She’s got a hell of a gene pool. Her sister is in Vietnam conducting a study on how the jungle is being affected by the developing nation. Her sister’s boyfriend is so in love with her that he quit his job in France and followed her to Vietnam. Isn’t that romantic? She complained for a while about how dull Toronto is and how much she loves New York. I know how you feel, sister. She said she can see the Empire State and the Chrysler Building from her boyfriend’s bathroom window, so she leaves the curtain open and looks at them while taking a shower.

Typically, I would’ve been torn to pieces with envy over all this but I was strangely serene. We were sitting on a bench and a couple across the way started making out. It was like watching a softcore porn movie or an instructional video on sexual assault. We watched with a detached fascination. We decided they’d just started dating and were in that phase when you can’t keep your hands off of each other. It wears off sooner or later but it’s nice when you’re in that space.

When we spoke, she looked at me hard, like there were some things running through her mind, but I swear she wasn’t interested in that way. I could tell. I made her laugh a bit and when it came time for her to go I didn’t say or do anything stupid, like follow her out of the park or try to kiss her. This is progress. She had to catch a plane back to Toronto, so she left and that was that.

I go to these Central Park Summerstage concerts exactly once a year. I’ll go to one early in the season, realize how miserably crowded they are and swear off them until next season. I made an exception in this case because Gilberto Gil doesn’t tour this way very often. And it was free.

Come to New York and live like a caged animal.


I called to check the price (because I had to) and you can rent a 360 sq. ft. micro-apartment for $2,750/month.

27th Street IS a fabulous block, so you have to take that into consideration (along with the imminent loss of your sanity).

This is how I lost her

In the last paragraph of my previous post, (Three weeks ago. I know. But when I get the I-don’t-cares, the first thing I stop caring about is this stupid blog.) I mentioned a long-ago dalliance with Bonnie. Go back and reread that paragraph and then come back here. I’ll wait…

This is how I lost Bonnie.

*     *     *

Bonnie was way out of my league. She knew it and I knew it. She was a successful architect and a Yale graduate who had a bitchin’ apartment right across the street from the Museum of Modern Art. She was a Renaissance woman. She dabbled in stage design and performed in a modern dance troupe when she was young. I, on the other hand, had just gotten out of the Coast Guard and had begun an exciting career as a word processor.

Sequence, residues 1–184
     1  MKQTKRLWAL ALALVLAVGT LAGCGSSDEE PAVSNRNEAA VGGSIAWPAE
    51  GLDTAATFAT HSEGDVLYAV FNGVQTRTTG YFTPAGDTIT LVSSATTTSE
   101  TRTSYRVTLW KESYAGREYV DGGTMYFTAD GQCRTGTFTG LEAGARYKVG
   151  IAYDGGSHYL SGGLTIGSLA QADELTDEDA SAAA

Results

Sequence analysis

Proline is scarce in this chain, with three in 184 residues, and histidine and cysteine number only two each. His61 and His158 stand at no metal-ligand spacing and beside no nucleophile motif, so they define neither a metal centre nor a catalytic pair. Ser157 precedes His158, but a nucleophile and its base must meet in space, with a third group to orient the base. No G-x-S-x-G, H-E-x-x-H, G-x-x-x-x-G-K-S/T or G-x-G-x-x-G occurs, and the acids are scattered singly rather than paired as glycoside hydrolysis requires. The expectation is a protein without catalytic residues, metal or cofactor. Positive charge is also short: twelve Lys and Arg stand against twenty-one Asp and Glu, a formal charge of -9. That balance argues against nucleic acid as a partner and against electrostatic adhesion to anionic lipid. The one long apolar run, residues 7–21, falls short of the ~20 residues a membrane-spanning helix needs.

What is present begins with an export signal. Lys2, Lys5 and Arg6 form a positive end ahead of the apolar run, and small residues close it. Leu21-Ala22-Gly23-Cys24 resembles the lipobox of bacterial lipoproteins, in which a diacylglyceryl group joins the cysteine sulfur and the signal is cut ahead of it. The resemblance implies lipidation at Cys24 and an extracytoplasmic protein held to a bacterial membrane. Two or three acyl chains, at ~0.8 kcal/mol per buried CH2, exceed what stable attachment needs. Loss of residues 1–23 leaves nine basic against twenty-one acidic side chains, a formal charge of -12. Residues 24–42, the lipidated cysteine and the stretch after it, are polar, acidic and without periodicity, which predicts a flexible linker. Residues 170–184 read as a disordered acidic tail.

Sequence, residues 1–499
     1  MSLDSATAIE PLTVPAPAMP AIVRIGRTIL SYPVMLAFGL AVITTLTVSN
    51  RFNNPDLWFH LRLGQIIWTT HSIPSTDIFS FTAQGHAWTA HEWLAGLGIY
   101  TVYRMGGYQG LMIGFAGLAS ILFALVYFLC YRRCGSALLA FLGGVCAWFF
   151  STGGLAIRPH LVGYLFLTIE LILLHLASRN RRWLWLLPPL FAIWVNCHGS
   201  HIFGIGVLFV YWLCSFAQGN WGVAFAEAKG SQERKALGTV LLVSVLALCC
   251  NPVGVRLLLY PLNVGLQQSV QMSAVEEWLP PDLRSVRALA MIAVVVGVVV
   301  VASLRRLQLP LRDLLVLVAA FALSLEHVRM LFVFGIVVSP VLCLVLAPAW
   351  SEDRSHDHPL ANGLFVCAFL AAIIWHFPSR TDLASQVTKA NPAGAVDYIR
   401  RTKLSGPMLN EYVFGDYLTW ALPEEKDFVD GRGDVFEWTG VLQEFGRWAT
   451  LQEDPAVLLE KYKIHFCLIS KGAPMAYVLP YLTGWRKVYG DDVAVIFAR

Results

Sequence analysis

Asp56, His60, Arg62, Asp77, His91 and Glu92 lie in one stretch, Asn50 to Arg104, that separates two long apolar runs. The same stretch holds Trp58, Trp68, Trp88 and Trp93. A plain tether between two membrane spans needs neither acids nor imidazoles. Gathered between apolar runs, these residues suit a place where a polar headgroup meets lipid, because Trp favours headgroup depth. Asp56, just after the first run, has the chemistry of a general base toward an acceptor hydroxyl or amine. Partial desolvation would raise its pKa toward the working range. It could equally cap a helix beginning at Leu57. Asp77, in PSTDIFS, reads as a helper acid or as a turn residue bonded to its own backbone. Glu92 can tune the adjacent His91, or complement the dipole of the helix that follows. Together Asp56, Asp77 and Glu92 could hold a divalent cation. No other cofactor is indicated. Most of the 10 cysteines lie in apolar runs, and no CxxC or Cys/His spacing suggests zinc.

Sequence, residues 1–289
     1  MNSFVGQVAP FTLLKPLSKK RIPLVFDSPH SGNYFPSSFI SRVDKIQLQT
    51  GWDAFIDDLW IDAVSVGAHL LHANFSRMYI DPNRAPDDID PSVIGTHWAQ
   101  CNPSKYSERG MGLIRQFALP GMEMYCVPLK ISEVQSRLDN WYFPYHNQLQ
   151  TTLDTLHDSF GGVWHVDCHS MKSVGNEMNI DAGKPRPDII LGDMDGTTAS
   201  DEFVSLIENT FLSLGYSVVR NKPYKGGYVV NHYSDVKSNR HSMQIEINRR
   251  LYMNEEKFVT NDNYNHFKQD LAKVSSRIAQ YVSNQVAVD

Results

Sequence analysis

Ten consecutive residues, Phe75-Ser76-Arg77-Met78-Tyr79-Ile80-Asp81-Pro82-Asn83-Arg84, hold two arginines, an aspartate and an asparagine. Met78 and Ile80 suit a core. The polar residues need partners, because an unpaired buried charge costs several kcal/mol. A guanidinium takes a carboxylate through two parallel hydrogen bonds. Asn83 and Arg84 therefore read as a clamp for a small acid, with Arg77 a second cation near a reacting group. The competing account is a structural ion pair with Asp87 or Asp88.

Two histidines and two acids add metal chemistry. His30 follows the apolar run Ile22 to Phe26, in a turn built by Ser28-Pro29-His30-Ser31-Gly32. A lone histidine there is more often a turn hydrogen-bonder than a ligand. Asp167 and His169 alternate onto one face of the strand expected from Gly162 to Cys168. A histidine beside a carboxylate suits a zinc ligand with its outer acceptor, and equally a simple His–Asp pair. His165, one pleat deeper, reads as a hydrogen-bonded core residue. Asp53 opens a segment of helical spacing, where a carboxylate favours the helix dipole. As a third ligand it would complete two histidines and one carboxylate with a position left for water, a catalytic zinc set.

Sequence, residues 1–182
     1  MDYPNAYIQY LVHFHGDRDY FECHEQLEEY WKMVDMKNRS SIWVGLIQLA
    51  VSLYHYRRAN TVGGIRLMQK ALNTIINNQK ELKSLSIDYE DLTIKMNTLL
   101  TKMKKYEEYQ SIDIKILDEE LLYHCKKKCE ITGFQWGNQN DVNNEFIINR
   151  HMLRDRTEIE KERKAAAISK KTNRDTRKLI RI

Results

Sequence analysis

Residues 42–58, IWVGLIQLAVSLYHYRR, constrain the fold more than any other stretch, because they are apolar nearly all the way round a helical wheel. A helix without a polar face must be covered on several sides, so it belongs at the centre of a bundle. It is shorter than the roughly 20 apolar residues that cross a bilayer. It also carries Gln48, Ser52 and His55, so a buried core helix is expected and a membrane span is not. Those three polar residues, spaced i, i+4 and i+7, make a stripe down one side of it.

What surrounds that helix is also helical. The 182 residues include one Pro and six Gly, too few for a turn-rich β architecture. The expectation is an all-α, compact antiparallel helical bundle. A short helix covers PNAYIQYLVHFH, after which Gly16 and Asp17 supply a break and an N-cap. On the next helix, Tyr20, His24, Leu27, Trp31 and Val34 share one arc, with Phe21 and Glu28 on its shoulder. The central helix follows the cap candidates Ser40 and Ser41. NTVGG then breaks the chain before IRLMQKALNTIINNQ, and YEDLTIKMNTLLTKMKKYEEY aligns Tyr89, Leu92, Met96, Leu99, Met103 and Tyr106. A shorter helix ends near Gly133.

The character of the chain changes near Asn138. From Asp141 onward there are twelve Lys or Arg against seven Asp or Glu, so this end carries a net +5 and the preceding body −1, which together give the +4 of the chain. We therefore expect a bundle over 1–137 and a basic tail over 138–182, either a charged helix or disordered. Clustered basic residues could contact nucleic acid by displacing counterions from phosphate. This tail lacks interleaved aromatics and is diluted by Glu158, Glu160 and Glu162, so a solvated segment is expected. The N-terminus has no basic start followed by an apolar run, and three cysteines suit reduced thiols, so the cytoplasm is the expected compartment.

She was significantly older than I was. I don’t know by how much because I was never gauche enough to ask, but it was quite a few years. On the surface, you’d think we wouldn’t have anything in common. But I know what she saw in me (aside from my youth). I had an insatiable hunger for experience and knowledge. I hadn’t attended college so I had a lot of catching up to do and Bonnie made an excellent Sensi. She guided me through the literary, artistic and theatrical classics. She taught me all about New York City, which was quickly becoming the love of my life. It fed her ego, which was fine with me. And we were passionate. She still had a dancer’s flexible body and I had energy to spare. We were Bogie and Bacall in reverse.


We would attend functions together and knew that her friends were talking about us behind our backs. We’d take mental notes to ourselves of all the sideways glances and whispers, retire to her apartment, lay in bed, compare notes and laugh our asses off at them. We were awfully, awfully fond of one another, but never in love.

*     *     *

Currently at MoMA is a Post Modern art exhibit. The feature piece is the manuscript of avant-garde artist John Cage’s 4’33. In this piece, a pianist walks up to a piano, sits down and does absolutely NOTHING for four minutes and thirty-three seconds. The “composition” is whatever ambient noises occur in that period of time. Floorboards creaking. People coughing. Programs rustling. Cage was pleased at the premier in 1952 as, according to him:

“… people themselves made all kinds of interesting sounds as they talked and walked out.”

Here’s what the sheet music for 4’33” looks like:

cage-2On August 12, 1992, John Cage passed away. There was a front-page obituary in the New York Times. I was over Bonnie’s apartment and let her know, in no uncertain terms, that I thought Cage was a pretentious fraud and that a front-page obit is wholly unwarranted. I told her that nobody *I* know or listened to was ever influenced by Cage (certainly not Rush) and that four minutes and thirty-three seconds of silence is neither music OR art. It’s just lazy. I prattled on for several more minutes and finally ran out of gas. Bonnie looked at me.

“Are you done?”
“My dissertation at Yale was on Cage’s career.”

That was it. I blew up the bridge. That distance between us was never traversed again.

*     *     *

I bumped into Bonnie in the summer of 2012. I was seeing a play with My Bride and she sat several rows behind me. I leaned over and whispered, “Hey, I think that’s Bonnie! Do you think she’d remember me?” I couldn’t concentrate on the play. At intermission I got up and walked to the lobby and out of the corner of my eye, I saw Bonnie get up out of her seat. I stopped her as she walked past.

“Hi, Bonnie. Do you remember me?”
“Oh…I remember you, alright.”

Bonnie ended up marrying a multi-billionaire. You’d know his name if I said it. They were married for a short period of time and then had an amicable divorce. She always wanted to be traveling and on the go and he just wanted peace and quiet. They threw a lavish divorce party for all their friends to show there was no hard feelings. The wheel spins, doesn’t it?

*     *     *

Several people have written to say my Follow button does not include an option to add my site to a WordPress RSS reader. No doubt this accounts for my low readership. It can’t possibly be the content, right? To add this site to a WordPress Reader, go to your reader, click on Edit and add my URL. Conversely, I’ve moved an email subscription widget below the photo of dear St. Lucy and her plate of eyeballs. I blame Obamacare for my Follow button kerfuffle.